I don't know whether Light Earth is lighter than Middle Stone or not. The overpainted Dark Green areas are so light, that only some crazy ideas could be considered - Dark Sand? 

Cheers

Michael

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1 hour ago, KRK4m said:

Yeah, the hint with those ortho films put me wrong. Of course the areas I have mentioned earlier as "darker" (i.e. port wingtip... turret area... outside of s-board engine nacelle) should be "lighter" in TLS - so Dark Earth (not Dark Green). And here you're right.

But on the other hand I have never seen so much contrast between Dark and Light Earth - after all they are only two shades of the same colour (similar pigments). And here they aren't.

I don't know whether Light Earth is lighter than Middle Stone or not. The overpainted Dark Green areas are so light, that only some crazy ideas could be considered - Dark Sand? 

Cheers

Michael

Some time last year I tried various filters with the colour chips in the RAF Museum book. I just took the image with no filter and did a black and white conversion on it using Lightroom software which gives you control over the colour mix. To emulate orthochromatic film I turned red, orange and yellow to -100% on the grounds that yellow rings on roundels show black. All three of Dark Earth, Light Earth and Middle Stone appeared darker than Dark Green or Blue (which I assume to be the roundel blue colour). Even allowing some yellow and orange into the conversion did not lighten the Earth/Stone colours greatly.

 

So I'm with you and Graham on the Dark Earth but the areas which should be Dark Green are a real puzzle, only greys and blues seem to offer a chance of rendering lighter than the blue of the roundel - really crazy ideas.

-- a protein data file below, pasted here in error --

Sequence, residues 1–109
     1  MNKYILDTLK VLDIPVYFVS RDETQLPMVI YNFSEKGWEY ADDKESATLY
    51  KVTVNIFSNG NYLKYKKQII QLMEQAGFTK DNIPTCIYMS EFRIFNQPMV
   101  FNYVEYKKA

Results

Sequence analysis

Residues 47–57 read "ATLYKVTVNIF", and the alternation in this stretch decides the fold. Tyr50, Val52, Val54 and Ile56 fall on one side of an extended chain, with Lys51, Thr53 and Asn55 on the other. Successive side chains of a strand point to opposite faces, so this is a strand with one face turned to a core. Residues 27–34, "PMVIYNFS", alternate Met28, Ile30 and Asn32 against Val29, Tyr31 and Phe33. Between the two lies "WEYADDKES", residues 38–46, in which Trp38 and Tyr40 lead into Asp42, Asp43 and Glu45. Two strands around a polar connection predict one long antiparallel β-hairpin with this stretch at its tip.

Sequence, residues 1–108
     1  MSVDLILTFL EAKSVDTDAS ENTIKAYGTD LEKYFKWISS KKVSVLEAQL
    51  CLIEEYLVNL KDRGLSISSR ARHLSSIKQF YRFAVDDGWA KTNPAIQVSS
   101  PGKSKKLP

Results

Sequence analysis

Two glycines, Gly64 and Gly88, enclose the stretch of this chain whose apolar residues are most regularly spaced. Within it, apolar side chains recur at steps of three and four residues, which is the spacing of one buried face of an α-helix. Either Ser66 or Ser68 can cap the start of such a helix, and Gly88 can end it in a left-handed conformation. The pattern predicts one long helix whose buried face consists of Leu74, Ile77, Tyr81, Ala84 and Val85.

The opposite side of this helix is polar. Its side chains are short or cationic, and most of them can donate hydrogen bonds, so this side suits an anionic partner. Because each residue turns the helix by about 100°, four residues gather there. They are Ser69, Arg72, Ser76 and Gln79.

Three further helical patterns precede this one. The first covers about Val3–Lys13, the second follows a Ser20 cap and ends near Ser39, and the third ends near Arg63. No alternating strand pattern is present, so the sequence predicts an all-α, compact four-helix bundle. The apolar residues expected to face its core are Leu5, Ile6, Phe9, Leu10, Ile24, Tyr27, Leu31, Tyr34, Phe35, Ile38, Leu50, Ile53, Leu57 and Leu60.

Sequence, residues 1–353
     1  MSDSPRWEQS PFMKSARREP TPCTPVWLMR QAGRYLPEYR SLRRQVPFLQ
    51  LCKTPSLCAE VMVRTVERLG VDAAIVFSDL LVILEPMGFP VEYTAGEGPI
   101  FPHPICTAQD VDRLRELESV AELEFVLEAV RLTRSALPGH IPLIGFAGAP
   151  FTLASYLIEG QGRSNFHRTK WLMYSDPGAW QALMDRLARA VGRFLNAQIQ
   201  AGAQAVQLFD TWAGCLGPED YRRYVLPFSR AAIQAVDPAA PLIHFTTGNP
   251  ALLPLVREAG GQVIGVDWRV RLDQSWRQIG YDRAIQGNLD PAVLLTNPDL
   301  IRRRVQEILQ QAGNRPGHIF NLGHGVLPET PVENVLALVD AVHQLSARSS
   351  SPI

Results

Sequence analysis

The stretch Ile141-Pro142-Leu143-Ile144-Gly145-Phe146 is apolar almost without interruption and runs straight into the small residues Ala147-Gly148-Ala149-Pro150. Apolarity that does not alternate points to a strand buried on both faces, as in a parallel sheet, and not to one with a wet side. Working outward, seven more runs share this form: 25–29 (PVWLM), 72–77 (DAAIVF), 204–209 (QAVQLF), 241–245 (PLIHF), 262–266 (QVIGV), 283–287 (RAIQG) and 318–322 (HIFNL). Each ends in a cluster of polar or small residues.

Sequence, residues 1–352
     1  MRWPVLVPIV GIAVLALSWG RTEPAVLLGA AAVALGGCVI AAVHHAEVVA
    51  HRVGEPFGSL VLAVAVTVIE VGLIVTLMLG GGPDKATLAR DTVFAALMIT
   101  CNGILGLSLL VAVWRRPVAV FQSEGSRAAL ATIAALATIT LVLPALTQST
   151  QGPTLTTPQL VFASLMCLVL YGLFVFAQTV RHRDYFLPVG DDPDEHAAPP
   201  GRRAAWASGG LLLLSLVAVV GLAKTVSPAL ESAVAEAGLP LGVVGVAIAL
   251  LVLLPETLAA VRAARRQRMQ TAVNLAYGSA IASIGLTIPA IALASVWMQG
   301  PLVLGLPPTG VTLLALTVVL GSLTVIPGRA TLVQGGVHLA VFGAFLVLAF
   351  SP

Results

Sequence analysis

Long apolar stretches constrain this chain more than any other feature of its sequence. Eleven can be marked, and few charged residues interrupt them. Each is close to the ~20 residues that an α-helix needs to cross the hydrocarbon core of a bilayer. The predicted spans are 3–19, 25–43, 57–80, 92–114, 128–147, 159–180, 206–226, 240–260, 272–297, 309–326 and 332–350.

To make this conclusive I should get hold of a tonal response curve for a typical ortho film - but even then I think the light colour would remain a puzzle. I'm not sure if filters were ever used with ortho film but I've tried some adjustments along those lines without conclusive results.

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I'm quite sure that filters were used on ortho film - after all why not?   It was a normal photographic technique for such matters as showing clouds in the sky or not.  What using any particular filter means in terms of changes to the final photograph I daren't hazard to guess, but there are ortho photos that show yellow as black, and others that don't have anything like so strong an effect.  To me this implies the use a filter of some kind, sometimes.  Then there are the views of FAA camouflage where there is a very strong contrast, the EDSG appearing very light - the classic being the much discussed Skua on Ark Royal but there is also a view of Malta Gladiator "Faith" in her decline.  Is this yet another filter?  The FAA scheme seems particularly variable in photographs, ortho or not.  More effects to be blamed on differing filters, I'm sure.

 

As for the comparative appearance of Light Earth vs Middle Stone, this very light appearance is common on photos from the early desert war, but rare indeed later.  But that could be an artificial effect from the limited early photographic facilities, perhaps.  IIRC,  Middle Stone was not introduced in the RAF as a standard until some time into 1940, which post-dates this photo.  (I think the date of its introduction is in one of Paul Lucas's books.)  But whatever ME paintshops were up to in this period is largely unknown.  Such a light colour does remind me of the ME Army colour Portland Stone - it is worth remembering that Middle Stone was an Army colour in the ME too.  However I think an established RAF colour is more likely.  Dark Earth  is known to fade towards (I'm tempted to say well towards) Light Earth, but what does Light Earth fade towards?

Edited by Graham Boak
Correction Light Stone to Light Earth.